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Improving sustainability at Brandeis in the classroom

By Blake Linzer

Section: Features

November 4, 2016

Professor Laurin Goldin (ENVS), working as the chief environmental lawyer for the Massachusetts State Department of Environmental protection, came to Brandeis University as a teaching fellow for the Intro to Law course. As a teaching fellow, she fell in love with Brandeis students and the commitment to social justice at the university, but was appalled that, at the time, the only thing that Brandeis was doing for environmental sustainability was recycling cans.

To address the lack of sustainability initiatives at Brandeis, Goldin knocked on doors and worked with a multitude of people including staff members in facilities and capital projects. She also worked with the nine members of Students for Environmental Action (SEA), and Brandeis Environmental Sustainability Team (BEST) was created as the precursor to more contemporary sustainability efforts on campus.

Eventually momentum built and the President’s Task Force on Sustainability was formed. With the commitment, Brandeis’ first sustainability coordinator was hired.

Professor Goldin’s AMST 191b Experiential Learning class, Greening the Ivory Tower: Improving Environmental Sustainability of Brandeis and Community, has grown since its creation to improve infrastructure of the Brandeis environmental sustainability community. Its purpose, Goldin said, was to be the creator of new sustainability initiatives and projects at the university.

In conceiving the class, Goldin considered her past experiences. She said that she had spent her entire career on the ground working with people, figuring out how to tackle problems; for example, “How are we going to solve the problem of getting people around the table to talk together about dealing with a wetland issue? How are we going to negotiate with them?”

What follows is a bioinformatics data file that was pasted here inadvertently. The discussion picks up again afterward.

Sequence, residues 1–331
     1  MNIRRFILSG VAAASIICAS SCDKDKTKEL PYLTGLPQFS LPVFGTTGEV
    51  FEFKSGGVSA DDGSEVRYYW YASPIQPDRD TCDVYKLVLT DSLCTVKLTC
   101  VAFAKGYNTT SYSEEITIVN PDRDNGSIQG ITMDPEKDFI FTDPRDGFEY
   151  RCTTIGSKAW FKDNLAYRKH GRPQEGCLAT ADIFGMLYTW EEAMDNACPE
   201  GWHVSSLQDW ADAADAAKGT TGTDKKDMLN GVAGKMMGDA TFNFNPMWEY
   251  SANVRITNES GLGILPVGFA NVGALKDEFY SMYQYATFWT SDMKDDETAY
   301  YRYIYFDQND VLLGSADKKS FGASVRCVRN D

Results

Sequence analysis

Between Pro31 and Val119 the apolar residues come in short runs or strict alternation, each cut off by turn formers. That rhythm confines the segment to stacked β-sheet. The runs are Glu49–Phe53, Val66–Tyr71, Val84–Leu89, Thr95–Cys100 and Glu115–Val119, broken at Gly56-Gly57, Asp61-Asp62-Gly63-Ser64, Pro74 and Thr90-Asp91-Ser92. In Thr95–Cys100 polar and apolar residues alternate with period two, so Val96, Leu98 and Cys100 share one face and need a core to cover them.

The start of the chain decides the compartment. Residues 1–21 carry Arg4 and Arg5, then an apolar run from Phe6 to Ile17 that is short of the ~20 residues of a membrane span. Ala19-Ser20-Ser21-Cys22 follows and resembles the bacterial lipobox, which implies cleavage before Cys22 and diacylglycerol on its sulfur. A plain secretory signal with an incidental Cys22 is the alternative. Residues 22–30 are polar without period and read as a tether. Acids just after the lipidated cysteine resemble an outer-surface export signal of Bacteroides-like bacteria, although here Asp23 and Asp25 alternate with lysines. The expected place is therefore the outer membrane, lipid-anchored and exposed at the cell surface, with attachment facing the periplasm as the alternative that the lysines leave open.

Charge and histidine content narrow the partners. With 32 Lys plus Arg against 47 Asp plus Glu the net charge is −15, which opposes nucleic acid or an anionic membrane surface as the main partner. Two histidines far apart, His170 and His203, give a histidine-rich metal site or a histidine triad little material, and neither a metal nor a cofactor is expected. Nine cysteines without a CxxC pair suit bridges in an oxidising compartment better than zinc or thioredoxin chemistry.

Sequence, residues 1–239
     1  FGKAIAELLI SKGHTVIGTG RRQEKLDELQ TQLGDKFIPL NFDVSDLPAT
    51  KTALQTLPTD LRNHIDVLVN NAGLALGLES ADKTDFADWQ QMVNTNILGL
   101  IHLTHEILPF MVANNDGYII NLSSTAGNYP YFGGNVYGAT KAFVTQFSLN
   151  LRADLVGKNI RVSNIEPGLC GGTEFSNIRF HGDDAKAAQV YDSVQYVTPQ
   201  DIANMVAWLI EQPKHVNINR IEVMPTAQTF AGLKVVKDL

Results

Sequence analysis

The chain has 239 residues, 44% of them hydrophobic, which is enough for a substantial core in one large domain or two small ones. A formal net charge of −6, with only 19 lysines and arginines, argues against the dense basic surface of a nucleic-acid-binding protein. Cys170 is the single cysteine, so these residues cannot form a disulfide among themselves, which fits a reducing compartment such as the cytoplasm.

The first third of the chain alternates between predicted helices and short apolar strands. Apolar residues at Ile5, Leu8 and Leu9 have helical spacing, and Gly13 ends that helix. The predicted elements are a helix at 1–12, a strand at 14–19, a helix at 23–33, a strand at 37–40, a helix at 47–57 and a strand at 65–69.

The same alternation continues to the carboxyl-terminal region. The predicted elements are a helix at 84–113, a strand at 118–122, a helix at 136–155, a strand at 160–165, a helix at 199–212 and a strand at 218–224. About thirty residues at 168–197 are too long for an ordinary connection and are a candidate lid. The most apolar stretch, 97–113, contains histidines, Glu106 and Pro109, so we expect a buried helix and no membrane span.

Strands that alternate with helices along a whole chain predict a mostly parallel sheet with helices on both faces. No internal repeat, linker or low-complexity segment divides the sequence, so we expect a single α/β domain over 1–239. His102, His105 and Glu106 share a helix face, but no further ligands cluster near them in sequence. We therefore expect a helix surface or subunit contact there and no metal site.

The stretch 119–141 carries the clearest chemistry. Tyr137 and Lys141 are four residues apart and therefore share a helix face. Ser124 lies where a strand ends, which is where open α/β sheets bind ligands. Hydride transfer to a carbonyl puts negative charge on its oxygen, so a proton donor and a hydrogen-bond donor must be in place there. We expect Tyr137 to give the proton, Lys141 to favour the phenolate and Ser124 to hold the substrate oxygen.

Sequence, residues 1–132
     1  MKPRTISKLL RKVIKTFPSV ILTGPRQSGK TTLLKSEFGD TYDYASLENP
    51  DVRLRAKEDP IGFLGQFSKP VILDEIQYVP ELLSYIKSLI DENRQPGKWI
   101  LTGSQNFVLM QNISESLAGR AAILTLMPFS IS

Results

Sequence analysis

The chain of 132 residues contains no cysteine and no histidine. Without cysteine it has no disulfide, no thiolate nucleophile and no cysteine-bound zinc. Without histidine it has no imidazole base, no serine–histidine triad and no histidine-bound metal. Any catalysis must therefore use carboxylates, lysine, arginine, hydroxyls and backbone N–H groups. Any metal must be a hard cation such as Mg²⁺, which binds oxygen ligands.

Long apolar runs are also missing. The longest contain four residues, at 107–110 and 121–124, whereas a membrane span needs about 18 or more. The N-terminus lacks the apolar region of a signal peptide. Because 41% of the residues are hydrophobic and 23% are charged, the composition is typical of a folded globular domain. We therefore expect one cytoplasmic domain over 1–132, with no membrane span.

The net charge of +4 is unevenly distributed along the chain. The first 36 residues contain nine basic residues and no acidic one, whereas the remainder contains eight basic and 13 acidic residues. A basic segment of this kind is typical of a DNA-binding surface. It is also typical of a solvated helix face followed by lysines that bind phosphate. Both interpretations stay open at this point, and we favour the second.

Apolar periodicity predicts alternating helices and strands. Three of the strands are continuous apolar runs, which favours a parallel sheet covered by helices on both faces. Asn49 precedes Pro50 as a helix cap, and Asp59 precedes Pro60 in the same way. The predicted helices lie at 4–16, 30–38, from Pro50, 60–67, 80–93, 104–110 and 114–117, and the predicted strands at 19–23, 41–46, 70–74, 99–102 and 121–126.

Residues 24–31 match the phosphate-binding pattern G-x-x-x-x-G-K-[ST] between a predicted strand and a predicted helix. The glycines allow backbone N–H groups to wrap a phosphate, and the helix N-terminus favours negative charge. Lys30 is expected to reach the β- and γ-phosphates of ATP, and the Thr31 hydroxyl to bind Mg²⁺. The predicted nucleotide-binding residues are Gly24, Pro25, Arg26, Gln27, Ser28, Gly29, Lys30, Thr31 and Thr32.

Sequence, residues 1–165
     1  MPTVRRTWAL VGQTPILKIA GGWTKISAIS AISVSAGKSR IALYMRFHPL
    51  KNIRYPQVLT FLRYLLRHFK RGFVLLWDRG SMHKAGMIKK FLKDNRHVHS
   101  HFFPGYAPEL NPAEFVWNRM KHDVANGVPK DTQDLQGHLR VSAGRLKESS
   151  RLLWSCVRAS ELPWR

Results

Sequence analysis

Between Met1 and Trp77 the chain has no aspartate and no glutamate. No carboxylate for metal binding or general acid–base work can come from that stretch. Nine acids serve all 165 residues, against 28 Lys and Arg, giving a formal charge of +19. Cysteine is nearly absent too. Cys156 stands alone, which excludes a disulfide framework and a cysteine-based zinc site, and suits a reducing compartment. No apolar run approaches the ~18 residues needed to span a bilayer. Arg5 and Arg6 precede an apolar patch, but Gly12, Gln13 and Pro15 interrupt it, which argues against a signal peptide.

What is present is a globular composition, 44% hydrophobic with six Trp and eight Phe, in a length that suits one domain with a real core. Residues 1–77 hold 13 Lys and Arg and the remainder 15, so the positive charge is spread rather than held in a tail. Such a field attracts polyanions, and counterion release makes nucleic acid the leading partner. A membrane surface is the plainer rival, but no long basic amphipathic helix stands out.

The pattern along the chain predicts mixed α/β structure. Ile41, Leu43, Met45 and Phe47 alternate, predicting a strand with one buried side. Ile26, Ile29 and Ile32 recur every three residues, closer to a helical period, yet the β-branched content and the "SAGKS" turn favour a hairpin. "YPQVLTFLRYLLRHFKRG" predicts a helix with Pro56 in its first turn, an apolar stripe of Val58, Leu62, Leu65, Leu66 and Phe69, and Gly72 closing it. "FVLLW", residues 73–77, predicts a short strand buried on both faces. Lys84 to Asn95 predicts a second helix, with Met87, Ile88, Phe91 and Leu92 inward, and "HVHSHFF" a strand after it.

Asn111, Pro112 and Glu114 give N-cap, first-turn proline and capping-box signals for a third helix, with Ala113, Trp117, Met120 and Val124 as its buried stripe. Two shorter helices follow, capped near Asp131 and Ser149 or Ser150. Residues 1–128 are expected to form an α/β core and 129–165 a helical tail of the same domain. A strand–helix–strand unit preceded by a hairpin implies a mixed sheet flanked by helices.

As a result, she knew that the best way to educate students about environmental issues was to “solve a problem together.” She had to “get [the students] involved.”

The description of the course in the Brandeis schedule of classes is consistent with her idea to educate through problem solving.

Goldin wanted the students to understand “how their own environment on campus and in their communities functioned.” Because no active sustainability community existed at the time she arrived on campus, she figured a great way to teach students to learn how to interact with the environment and live more sustainably would be through exploring their own campus.

Ultimately, she hopes the class leads to a larger culture of sustainability at Brandeis. “The fact that we have a sustainability manager had a seed in the greening class,” said Goldin.

The class is divided into two major parts: an educational section and a project section.

In the educational section, students read and write to understand the food system, the water system and the energy system. The class also explores the sustainability infrastructure of the Brandeis campus, exploring how environmental sustainability works at Brandeis.

After understanding the Brandeis sustainability environment, the class takes trips off campus to see other models. They examine sustainable farming, sustainable eating, protoculture, energy solution and alternative energy models, and they look at places where innovative water preservation is being conducted.